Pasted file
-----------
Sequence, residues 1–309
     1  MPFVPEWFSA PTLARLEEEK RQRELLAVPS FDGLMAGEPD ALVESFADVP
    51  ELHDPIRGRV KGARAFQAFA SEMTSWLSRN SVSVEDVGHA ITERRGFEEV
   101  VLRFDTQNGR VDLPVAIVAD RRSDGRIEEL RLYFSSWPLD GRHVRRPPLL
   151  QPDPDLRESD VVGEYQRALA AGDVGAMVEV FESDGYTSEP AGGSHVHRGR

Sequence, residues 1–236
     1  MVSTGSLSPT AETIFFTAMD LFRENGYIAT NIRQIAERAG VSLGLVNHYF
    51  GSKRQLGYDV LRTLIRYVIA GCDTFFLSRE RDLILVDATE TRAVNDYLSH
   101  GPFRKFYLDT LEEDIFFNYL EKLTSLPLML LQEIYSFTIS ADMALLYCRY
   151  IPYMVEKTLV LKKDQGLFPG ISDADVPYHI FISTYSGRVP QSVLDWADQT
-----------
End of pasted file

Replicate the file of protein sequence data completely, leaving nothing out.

Sequence, residues 1–309
     1  MPFVPEWFSA PTLARLEEEK RQRELLAVPS FDGLMAGEPD ALVESFADVP
    51  ELHDPIRGRV KGARAFQAFA SEMTSWLSRN SVSVEDVGHA ITERRGFEEV
   101  VLRFDTQNGR VDLPVAIVAD RRSDGRIEEL RLYFSSWPLD GRHVRRPPLL
   151  QPDPDLRESD VVGEYQRALA AGDVGAMVEV FESDGYTSEP AGGSHVHRGR

Sequence, residues 1–236
     1  MVSTGSLSPT AETIFFTAMD LFRENGYIAT NIRQIAERAG VSLGLVNHYF
    51  GSKRQLGYDV LRTLIRYVIA GCDTFFLSRE RDLILVDATE TRAVNDYLSH
   101  GPFRKFYLDT LEEDIFFNYL EKLTSLPLML LQEIYSFTIS ADMALLYCRY
   151  IPYMVEKTLV LKKDQGLFPG ISDADVPYHI FISTYSGRVP QSVLDWADQT